Receiving a diagnosis of Attention Deficit Hyperactivity Disorder (ADHD) for your child can bring about a lot of clarity for parents as to why their child has been struggling, but it also can be confusing and overwhelming. Below are some key first steps to supporting your child as well as you as a parent of a child with ADHD.
1. Learn more about ADHD.
- A few key facts!
- Affects about 3-10% of children
- Is a neurological (brain) disorder and so a child with ADHD does not choose whether to pay attention, sit still, be patient, etc.
- Has nothing to do with how smart your child is
- About 70% of children with ADHD continue to have symptoms during their teen years and about 50% have symptoms into adulthood
- The cause is best explained by genetics and has nothing to do with good or bad parenting
- Websites o Centre for ADHD Awareness: https://caddac.ca/adhd/
- CHADD: https://chadd.org
- Canadian ADHD Resource Alliance: www.caddra.ca
- TotallyADD: https://totallyadd.com
- Understood: https://www.understood.org/en
- Parents Resource Network: http://prntexas.org/adhd/
- Attention Deficit Disorder Association: https://add.org
- Books and Magazines o Taking Charge of ADHD (Barkley)
- ADDitude Magazine www.additudemag.com
- Smart but Scattered (Dawson & Guare)
- What Your ADHD Child Wishes You Knew (Saline & Markham)
- The Explosive Child (Greene)
- The Whole Brain Child (Siegel & Bryson)
- YouTube: Type in ADHD/children/parents and you’ll find lots of helpful videos!
2. Talk to your child’s school. Schools play an important role in supporting children with ADHD seeing as attention impacts learning. Fortunately, school staff have become increasingly skilled and knowledgeable about effective ways to teach students with ADHD. Below are a few areas to focus on when talking with your child’s school.
- Identifying your child is critical to his/her success. Though parents worry about “labels”, it is better to acknowledge that your child has ADHD than for him or her to be “mislabeled” by the school as “careless”, “lazy”, “oppositional” or “not smart”.
- Individual Education Plan (IEP): Once you share your child’s psychological assessment report with the school psychologist or special education resource teacher, they likely will begin preparing an IEP that will include accommodations your child is eligible for. As a parent, you also will be part of this process and this helps ensure more success.
- Technology: If technology has been deemed essential for your child to access the curriculum, discuss options with the school regarding a personalized computer for your child. Another option is to have your child trained on using apps specific to an iPad that support reading, writing, and executive skills. Also, this can be done privately (Dana Sahian; SLP4ALL; 647-926-4255)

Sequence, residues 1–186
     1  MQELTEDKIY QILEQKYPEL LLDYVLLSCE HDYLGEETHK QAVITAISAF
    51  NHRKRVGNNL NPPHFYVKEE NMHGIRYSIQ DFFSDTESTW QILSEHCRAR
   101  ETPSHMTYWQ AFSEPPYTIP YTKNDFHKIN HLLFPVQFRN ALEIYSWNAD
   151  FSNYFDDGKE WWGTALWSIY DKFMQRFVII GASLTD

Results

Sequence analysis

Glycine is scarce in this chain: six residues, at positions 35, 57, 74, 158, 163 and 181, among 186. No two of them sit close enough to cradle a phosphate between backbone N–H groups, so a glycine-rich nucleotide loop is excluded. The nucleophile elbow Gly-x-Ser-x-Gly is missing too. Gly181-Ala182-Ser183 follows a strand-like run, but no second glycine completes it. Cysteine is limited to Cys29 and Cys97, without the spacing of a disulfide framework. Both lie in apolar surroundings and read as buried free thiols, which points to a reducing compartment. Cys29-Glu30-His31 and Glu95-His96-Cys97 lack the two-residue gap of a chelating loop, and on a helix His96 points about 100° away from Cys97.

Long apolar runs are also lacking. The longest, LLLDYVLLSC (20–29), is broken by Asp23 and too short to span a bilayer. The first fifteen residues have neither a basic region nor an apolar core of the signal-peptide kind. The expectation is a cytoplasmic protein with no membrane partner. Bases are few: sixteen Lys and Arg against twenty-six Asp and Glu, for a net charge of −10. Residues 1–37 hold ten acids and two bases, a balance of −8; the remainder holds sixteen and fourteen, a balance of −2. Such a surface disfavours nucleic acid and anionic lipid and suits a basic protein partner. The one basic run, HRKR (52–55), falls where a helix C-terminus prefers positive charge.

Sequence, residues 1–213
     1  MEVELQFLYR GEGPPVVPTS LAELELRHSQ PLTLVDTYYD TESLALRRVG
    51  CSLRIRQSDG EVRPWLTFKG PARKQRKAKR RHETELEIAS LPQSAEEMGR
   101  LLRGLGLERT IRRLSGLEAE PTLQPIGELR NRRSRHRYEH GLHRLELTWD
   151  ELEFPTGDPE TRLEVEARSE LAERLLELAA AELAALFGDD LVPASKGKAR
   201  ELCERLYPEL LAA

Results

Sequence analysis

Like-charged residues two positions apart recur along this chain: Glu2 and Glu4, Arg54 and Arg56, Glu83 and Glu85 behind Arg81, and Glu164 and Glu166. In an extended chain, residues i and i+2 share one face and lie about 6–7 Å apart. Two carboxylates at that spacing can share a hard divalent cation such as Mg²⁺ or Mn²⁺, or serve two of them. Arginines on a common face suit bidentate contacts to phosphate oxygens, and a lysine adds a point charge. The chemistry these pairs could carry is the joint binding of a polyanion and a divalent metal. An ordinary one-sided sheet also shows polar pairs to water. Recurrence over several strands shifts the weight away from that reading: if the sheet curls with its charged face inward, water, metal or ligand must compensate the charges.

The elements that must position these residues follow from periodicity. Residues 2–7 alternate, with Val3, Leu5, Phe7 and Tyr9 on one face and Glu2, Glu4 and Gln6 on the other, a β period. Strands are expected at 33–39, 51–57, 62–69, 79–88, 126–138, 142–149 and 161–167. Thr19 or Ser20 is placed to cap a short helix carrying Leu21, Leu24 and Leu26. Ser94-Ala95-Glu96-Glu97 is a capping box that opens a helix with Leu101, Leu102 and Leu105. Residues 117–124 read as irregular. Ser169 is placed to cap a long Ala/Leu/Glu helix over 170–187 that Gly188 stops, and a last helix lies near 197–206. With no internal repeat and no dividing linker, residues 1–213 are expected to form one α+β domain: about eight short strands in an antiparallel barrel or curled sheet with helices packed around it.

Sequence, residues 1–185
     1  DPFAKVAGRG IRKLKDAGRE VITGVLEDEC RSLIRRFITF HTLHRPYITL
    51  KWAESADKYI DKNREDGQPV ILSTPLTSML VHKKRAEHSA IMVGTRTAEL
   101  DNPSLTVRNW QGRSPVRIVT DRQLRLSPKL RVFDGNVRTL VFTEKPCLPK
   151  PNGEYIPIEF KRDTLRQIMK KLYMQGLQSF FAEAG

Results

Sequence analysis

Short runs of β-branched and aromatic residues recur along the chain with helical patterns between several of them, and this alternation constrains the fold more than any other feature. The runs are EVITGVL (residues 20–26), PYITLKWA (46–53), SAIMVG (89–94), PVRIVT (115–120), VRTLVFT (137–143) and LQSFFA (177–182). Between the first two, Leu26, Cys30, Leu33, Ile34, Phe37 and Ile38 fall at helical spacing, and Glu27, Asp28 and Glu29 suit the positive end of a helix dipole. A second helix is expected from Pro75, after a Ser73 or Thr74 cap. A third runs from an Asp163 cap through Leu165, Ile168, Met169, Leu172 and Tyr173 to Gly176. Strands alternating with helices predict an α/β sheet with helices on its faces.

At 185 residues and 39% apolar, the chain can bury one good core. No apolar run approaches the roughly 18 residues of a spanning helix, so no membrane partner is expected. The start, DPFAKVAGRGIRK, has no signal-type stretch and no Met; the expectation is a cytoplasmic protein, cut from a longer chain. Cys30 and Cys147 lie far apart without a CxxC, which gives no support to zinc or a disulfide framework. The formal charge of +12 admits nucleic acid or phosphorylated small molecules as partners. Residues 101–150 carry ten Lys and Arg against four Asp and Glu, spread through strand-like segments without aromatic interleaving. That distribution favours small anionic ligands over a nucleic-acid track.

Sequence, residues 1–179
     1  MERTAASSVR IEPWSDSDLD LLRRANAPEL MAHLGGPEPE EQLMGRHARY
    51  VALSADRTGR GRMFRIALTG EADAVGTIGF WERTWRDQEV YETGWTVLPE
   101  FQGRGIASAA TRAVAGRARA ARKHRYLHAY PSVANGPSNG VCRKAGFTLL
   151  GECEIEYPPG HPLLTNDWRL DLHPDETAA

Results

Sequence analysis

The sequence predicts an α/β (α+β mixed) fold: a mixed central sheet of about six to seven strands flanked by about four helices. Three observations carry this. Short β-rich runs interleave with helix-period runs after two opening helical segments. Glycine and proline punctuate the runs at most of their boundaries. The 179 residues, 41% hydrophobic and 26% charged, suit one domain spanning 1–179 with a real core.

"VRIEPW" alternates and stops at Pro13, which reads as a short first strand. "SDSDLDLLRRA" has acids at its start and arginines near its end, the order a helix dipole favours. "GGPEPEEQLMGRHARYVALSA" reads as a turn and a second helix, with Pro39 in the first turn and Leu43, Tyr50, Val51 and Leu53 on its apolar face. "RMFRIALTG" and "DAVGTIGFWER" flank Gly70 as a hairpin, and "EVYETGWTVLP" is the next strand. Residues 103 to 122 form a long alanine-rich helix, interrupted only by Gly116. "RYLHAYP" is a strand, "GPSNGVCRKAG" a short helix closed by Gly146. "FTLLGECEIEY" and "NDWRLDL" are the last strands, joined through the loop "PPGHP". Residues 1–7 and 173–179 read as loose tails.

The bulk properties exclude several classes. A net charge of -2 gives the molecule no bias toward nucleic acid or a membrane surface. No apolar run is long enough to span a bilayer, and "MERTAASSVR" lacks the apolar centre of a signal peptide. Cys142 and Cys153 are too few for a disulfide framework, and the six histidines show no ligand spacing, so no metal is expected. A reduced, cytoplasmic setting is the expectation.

- Speak with your child’s teacher to ensure that they, too, have read your child’s assessment report and set up a home-school communication system if needed.
3. If you wish, meet with your child’s doctor to discuss medicine for ADHD. Properly adjusted medication for ADHD has the potential to sharpen your child’s focus and it increases their ability to control their own behaviour. Studies show there’s an over 80% chance that your child will respond to medication. A physician can help you understand the options and answer your questions. You can also ask for a referral to a pediatrician or psychiatrist who specializes in ADHD. To learn more about ADHD medication check out the following websites:
4. Find community supports/services that are a good fit for your child and family. Navigating services offered in your area can be overwhelming because there are so many options in terms of settings and types of services. Children with ADHD can benefit from participating in social skills group, mindfulness training, camps for children with special needs, and support for organization and time management. Parents can also benefit from support groups or individual parent coaching.
Settings in the Greater Toronto Area where you can find such services include: Cornerstone Psychological Services; Behaviour Matters; Kids CAN; Springboard Clinic; The Possibilities Clinic; Learning Disabilities Association of Ontario (LDAO); Pediatric and Teen Health (PATH); and The Integra Foundation.
Skill/activity-based books for kids and parents can also be useful. For example, Putting on the Brakes: Activity Book for Kids with ADD or ADHD (Patricia O. Quinn) and ADHD: Non-Medication Treatments and Skills for Children and Teens (Debra Burdick)
5. Take a deep breath and know that some days will be hard, but it will be okay
Anna Bowers, M. A., Ph.D. Candidate
Psychoeducational Consultant, Cornerstone Psychological Services